At times, however, these precious resources were squandered in a red mist. In addition to giving his men precise training in how to kill with cool efficiency, the master strategist handed them a set of ground rules forbidding freelance violence and threats. But sometimes bloodlust just took over. Coogan "categorically" states that: "The Apostles did not always conform to a doctrine of minimum force. Some of them developed a penchant for emptying the entire contents of their revolvers into their victims' bodies."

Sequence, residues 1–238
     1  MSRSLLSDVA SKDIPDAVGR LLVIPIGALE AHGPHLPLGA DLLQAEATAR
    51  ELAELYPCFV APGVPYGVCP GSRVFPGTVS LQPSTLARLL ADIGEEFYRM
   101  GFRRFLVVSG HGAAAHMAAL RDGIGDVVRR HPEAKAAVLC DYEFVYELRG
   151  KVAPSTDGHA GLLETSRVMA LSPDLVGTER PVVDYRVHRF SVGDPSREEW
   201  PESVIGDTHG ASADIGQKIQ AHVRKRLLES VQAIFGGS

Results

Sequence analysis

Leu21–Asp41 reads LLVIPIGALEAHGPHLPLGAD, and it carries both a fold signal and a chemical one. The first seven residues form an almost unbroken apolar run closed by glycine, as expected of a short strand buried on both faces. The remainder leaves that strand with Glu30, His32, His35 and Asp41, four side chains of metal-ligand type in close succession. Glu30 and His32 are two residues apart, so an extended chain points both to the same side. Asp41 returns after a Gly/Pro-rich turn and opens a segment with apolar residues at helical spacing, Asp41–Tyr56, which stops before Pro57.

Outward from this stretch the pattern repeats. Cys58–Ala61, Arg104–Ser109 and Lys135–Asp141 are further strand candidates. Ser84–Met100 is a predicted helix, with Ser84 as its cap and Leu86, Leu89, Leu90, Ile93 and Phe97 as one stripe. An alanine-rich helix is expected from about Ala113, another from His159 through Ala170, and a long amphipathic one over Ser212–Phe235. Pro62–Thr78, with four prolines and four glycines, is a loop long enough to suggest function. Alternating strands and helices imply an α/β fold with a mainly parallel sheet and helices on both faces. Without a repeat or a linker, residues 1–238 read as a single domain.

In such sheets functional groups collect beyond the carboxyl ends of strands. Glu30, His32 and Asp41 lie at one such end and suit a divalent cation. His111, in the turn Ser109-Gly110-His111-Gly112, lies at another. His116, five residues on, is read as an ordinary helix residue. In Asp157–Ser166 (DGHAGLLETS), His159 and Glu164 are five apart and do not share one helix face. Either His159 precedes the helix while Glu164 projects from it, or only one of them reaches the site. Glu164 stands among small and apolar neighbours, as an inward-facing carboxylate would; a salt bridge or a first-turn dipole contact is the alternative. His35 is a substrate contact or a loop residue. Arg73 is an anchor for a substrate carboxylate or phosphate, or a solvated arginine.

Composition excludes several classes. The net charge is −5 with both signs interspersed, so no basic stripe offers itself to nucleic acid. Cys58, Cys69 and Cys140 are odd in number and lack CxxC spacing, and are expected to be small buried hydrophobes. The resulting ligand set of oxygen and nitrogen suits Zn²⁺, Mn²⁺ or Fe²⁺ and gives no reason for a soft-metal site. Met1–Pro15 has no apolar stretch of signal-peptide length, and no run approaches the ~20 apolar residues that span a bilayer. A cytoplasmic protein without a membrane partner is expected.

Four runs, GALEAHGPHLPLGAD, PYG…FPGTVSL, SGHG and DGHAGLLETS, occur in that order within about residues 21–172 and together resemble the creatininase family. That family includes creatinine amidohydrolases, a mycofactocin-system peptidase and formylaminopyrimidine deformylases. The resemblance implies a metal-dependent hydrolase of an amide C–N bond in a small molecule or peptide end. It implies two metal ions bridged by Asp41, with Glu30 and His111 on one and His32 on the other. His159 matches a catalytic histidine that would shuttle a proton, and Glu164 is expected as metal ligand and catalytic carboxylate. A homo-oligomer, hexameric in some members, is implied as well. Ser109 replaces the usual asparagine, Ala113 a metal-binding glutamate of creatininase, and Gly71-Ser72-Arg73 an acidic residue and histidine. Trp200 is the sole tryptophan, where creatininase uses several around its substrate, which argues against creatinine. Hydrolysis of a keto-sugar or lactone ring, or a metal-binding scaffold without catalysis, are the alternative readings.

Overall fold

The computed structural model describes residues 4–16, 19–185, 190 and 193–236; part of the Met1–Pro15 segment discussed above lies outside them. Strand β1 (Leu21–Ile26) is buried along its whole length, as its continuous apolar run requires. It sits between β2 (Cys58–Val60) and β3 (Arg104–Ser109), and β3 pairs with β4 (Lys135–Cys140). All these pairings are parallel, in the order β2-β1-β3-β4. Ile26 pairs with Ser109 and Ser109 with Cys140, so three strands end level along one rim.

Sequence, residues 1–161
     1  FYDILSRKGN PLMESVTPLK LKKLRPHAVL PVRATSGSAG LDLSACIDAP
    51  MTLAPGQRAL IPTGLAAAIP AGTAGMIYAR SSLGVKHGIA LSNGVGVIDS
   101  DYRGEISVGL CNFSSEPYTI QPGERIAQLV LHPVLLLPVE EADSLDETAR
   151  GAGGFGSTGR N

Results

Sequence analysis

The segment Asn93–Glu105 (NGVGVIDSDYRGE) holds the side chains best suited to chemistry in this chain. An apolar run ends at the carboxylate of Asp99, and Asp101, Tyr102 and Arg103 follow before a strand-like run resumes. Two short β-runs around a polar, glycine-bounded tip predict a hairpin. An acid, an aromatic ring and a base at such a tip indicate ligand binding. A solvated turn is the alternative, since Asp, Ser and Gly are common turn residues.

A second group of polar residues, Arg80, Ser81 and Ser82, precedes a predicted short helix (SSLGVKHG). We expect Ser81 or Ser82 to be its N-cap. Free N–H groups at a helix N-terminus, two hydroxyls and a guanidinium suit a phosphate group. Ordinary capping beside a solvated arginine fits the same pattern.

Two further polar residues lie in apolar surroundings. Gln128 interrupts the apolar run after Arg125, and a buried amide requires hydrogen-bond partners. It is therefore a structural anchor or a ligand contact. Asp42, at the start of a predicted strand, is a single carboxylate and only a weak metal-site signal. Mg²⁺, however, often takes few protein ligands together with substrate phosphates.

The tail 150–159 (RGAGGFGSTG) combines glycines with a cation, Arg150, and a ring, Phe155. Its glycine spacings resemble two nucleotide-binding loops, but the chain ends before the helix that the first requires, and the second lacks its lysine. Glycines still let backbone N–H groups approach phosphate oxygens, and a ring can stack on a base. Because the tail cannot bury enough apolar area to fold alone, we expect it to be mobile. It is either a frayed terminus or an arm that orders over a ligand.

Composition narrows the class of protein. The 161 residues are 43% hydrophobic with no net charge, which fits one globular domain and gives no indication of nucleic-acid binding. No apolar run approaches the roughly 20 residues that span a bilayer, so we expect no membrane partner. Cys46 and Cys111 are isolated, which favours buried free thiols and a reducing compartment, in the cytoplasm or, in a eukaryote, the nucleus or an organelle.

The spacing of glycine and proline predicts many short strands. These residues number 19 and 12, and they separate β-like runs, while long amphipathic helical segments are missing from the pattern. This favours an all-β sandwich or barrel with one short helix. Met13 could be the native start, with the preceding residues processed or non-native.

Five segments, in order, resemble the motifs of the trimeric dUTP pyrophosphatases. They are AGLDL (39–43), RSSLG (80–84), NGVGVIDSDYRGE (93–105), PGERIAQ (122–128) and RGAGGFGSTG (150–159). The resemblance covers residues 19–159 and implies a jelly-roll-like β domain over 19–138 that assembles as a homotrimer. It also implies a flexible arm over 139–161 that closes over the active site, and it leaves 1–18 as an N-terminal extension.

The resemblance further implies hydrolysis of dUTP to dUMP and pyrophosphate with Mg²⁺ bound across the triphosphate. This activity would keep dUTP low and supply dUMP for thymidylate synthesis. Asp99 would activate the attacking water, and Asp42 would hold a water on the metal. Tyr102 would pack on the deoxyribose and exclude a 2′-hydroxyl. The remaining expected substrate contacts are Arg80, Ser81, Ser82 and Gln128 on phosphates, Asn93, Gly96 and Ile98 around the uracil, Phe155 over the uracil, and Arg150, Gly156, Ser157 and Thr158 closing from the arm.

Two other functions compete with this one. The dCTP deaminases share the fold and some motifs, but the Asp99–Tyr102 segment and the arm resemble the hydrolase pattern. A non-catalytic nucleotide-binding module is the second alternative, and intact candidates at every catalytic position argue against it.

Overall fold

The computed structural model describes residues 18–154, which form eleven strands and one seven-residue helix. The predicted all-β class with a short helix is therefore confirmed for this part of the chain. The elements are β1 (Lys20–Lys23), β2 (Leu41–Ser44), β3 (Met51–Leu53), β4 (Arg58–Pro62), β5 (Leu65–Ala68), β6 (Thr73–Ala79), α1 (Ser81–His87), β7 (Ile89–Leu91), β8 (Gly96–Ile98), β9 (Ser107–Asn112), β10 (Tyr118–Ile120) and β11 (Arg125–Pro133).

No sooner had partial independence been granted, than Sinn Féin split almost down the middle over the Treaty. Collins took many of his Apostles with him to the Pro-Treaty side that would eventually win the Civil War and form the first Free State government. Coogan notes that the stand-out factor in the Pro-Treaty war effort was "the sheer ruthless efficiency of the methods employed (in which) some of the former Apostles played a distinctly inglorious part". After Collins was killed early in the Civil War, practically his entire squad joined a Pro-Treaty dirty-ops group called Oriel House, led by Joe McGrath. Collins and McGrath had met working for the accountancy firm Craig Gardiner, and over the years of conflict, McGrath became sorcerer's apprentice to the slightly older man, learning the dark arts well from his master.